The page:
Thanks to Mrs. Garner, who sent in this nice picture of the Yellow Shell Moth (Camptogramma bilineata) :
The wavy shell-like markings which give this widespread moth its name are clearly visible in the image. The photo was taken on the threatened Radford Bridge Allotment site in Wollaton, which I have featured before. There is still hope that the development which is jeopardising the site can be prevented…
Some very interesting orchids have been found on the St.Ann’s Allotments…..
These are examples of the Leopard Marsh Orchid (Dactylorhiza praetermissa “junialis”), the name being derived from the ring-type “leopard” spots on the leaves. This is an unusual form of the Southern Marsh Orchid (Dactylorhiza praetermissa), which has unspotted leaves, and was featured (along with Common Spotted Orchid) in a recent post.
Here’s a close-up of the distinctive leaves….
And of the flowers (note the different markings from those of the usual form of Southern Marsh Orchid, which have simple spots, not the hooped lines seen here)……..
This is an exciting find. Leopard Marsh Orchid is uncommonly seen in Nottingham, and it’s great that there are wild areas on the St.Ann’s site where such notable plants can survive…..
Nic Cairns sent in this photo of young Great Tits (Parus major) on a garden bird feeder…..
Thanks to Nic for this picture, taken in a garden in St.Ann’s.
Orchids aren’t plants you’d necessarily associate with allotments, so it was good to see these on Windmill Allotments in Radford…..
The darker-flowered plant on the left is Southern Marsh Orchid (Dactylorhiza praetermissa), whilst the lighter-flowered one is Common Spotted Orchid (Dactylorhiza fuchsii) – with the characteristic spotted leaves just about visible in the bottom of the photo.
Here’s a closer look at Southern Marsh Orchid…..
…..and of Common Spotted Orchid…..
These are great to see, especially the Southern Marsh Orchid, which is uncommon in Nottinghamshire. If the allotment stays under sympathetic management, these lovely plants should thrive for years to come.
The recent decision to overrule local objections and allow development on allotments in Wollaton has caused much controversy. The 27 acre site is currently surrounded by housing on all sides but one, which abuts Martin’s Pond nature reserve.
The site is managed by the Radford Bridge Road Gardenholders Association (RBRGA), whose shareholders have been looking to develop part of the site for years. In fact there are suggestions that parts of the site have been deliberately neglected, and gardens left untenanted, to allow for development…..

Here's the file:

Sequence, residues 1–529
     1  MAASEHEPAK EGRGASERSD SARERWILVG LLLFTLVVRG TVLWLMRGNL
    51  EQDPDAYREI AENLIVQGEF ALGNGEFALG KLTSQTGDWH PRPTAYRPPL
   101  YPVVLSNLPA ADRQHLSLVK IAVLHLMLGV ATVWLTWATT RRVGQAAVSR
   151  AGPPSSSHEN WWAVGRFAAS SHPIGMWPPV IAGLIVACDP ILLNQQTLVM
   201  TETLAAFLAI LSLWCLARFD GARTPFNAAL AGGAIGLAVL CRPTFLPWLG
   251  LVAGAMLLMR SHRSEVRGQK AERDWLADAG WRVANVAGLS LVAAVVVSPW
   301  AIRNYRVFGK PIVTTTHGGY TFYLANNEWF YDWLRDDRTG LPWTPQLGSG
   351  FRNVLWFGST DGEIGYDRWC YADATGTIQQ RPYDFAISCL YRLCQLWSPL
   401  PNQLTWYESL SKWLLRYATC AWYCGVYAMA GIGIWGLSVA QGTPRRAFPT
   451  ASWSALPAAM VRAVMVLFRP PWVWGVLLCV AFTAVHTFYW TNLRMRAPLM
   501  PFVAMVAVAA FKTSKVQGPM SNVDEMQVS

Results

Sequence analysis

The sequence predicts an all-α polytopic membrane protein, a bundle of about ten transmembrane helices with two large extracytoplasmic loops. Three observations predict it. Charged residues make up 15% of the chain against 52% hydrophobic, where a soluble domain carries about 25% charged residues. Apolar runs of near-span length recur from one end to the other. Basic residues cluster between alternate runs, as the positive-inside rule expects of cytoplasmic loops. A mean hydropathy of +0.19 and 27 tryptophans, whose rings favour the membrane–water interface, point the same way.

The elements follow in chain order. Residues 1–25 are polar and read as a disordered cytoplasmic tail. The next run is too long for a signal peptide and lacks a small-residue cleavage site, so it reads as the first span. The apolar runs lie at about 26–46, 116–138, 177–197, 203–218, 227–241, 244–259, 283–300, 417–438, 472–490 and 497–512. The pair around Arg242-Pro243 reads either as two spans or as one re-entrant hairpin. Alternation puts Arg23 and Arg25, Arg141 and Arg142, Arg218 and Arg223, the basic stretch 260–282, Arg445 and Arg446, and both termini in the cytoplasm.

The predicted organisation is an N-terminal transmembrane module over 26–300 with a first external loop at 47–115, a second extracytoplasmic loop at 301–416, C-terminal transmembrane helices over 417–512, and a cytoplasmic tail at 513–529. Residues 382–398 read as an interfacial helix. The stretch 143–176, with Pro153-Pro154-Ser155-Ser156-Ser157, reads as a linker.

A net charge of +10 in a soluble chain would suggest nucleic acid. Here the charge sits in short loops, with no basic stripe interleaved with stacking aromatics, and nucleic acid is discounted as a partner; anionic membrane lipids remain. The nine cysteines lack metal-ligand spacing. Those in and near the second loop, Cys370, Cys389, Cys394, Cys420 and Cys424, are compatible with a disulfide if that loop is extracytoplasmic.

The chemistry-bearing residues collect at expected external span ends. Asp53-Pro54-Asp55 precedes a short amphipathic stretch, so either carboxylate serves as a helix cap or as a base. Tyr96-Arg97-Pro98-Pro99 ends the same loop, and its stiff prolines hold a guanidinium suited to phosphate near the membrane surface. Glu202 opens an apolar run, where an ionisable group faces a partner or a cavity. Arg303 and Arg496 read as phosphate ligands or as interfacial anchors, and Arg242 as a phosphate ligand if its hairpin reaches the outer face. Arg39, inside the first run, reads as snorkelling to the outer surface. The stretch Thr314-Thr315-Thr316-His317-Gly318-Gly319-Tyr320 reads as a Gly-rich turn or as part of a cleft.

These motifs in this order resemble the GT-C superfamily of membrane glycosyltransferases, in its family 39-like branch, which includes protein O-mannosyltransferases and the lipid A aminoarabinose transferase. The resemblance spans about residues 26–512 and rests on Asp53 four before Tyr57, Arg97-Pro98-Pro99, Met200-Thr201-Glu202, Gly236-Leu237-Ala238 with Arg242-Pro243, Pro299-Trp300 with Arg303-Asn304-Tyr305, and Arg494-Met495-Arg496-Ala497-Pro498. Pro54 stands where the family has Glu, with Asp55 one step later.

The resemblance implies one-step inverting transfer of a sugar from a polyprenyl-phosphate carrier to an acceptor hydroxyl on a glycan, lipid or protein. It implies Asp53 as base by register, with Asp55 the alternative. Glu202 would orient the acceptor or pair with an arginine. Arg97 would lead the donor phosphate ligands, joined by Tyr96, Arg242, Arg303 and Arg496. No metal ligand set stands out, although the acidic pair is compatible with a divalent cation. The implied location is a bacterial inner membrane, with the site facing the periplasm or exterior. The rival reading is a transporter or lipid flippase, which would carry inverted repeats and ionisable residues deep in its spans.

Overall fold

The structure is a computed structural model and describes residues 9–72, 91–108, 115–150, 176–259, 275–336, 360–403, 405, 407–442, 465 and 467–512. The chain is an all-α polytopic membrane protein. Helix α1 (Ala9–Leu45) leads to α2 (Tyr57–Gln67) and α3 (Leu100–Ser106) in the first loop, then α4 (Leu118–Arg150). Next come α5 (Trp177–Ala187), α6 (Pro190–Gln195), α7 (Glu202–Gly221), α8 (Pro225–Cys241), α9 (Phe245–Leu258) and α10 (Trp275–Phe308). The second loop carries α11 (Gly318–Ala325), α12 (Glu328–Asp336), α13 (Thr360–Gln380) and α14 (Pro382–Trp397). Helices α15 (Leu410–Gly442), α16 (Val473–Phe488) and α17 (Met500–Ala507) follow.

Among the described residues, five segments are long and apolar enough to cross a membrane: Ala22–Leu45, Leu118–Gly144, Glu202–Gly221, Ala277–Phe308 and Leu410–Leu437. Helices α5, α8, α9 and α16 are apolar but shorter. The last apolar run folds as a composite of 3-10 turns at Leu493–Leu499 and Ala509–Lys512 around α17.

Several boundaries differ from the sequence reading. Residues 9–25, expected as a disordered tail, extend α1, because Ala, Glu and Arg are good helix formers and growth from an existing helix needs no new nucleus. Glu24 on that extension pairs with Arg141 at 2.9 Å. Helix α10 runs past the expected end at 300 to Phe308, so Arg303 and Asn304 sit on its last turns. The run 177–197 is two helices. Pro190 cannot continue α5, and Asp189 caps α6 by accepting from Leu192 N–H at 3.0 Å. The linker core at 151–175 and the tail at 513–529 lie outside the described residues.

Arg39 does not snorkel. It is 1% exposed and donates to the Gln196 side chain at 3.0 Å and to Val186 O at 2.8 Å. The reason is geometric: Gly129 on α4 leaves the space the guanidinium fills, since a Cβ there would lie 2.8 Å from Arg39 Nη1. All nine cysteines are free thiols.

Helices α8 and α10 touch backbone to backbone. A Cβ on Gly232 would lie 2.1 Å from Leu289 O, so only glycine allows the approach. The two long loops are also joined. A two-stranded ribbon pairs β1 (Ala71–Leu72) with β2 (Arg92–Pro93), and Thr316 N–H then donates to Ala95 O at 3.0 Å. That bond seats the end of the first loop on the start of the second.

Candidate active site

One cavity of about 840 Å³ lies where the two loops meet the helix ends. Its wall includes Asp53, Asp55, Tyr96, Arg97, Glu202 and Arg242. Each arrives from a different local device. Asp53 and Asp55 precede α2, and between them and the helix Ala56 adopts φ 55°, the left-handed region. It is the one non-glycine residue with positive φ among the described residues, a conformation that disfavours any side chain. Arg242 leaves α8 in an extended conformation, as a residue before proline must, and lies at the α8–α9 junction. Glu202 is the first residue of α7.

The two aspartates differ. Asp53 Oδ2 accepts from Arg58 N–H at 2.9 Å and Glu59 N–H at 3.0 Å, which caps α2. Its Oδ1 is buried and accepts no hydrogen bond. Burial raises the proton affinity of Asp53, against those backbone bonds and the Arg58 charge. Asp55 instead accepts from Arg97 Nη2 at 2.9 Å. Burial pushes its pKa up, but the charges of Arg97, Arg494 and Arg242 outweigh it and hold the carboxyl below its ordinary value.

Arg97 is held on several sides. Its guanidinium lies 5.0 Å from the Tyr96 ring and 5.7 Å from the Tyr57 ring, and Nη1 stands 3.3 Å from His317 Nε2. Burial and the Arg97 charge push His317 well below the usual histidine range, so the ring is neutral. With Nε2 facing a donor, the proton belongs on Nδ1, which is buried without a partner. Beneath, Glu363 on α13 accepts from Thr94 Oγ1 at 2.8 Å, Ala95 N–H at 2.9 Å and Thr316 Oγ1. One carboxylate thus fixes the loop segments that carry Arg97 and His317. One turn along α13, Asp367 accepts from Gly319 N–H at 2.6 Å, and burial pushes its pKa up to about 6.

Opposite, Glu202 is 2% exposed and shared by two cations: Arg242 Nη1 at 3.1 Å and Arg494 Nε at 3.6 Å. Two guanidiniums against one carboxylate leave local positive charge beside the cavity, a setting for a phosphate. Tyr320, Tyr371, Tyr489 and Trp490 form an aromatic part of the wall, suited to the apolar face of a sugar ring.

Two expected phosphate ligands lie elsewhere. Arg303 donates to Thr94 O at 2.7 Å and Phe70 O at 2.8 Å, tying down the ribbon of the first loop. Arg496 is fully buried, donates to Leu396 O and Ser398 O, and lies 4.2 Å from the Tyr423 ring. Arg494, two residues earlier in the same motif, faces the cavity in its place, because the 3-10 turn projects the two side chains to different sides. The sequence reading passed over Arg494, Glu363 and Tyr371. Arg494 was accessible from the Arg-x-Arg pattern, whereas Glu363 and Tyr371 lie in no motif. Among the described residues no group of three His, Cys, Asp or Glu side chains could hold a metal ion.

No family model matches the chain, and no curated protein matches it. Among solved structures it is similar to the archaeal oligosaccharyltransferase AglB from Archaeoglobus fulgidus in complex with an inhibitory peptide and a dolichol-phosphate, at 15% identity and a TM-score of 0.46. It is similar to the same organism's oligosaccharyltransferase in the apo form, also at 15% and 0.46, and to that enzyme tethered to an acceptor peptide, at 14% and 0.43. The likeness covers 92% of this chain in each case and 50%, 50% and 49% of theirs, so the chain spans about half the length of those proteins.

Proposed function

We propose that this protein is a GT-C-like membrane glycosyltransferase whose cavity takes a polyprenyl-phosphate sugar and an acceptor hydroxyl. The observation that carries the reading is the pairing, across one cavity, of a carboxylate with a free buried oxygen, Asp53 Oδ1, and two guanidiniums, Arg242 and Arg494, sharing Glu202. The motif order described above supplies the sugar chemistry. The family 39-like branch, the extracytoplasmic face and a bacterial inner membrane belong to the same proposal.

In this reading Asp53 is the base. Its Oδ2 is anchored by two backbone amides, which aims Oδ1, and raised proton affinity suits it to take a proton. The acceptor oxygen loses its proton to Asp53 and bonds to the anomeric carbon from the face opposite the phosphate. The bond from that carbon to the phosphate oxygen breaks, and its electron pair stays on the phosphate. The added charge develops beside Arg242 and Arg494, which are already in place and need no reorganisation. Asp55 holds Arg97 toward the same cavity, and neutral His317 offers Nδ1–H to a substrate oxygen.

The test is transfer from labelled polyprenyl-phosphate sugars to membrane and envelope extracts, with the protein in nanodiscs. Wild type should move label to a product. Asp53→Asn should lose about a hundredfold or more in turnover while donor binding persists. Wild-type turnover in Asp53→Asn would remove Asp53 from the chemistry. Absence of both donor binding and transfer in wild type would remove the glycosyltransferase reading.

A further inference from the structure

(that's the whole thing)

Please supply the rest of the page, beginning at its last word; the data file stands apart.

Commercial Estates Group are promoting a development on the site which they are calling “Middleton Grange“. The development includes 110 new houses, as well as new allotments and outside amenity areas. The developers also aim to “release” money from the development to help improve the adjacent Martin’s Pond reserve. It is therefore presenting this as an environmentally sensitive development.
Although the proposed development certainly includes more green space than many others and seems well-planned, it’s no substitute for what stands to be lost. The new allotments, although well-resourced, would each be much smaller than the existing plots, and of course overall growing space is greatly reduced. Many existing allotment tenants (who have no decision-making powers within RBRGA) bitterly oppose the plans.
Most importantly, the character of the existing site is very “wild”, with many large trees, well-established hedgerows and scrubby plots creating a wildlife haven. The allotment’s wildlife value is increased by forming a complex of sites along with Martin’s Pond and Harrison Plantation (another nature reserve). Here are some photos from the site sent in by allotment tenant Sue Marshall…..
There is strong local opposition to this development, and protests against it, and it remains to be seen if the plan can yet be stopped. The combination of old working allotments with some areas left for wildlife is of great value to nature, and the new development will never compete with that. More affordable housing is an important goal for Nottingham, but it must not be at the expense of wildlife.
Here’s a photo of the Nottingham Canal, taken from where it passes close to the Cossall Road, north of Trowell :
It’s a very attractive view of an abandoned waterway, which is now a resource for recreation and wildlife. The canal has not been navigable since the 1930s, but this section is managed by Broxtowe Borough Council for nature conservation, with a walking and cycle trail alongside. It’s been designated as a local nature reserve, and is well worth a visit. The path here forms part of the Erewash Valley Trail, which is an excellent day’s cycling expedition….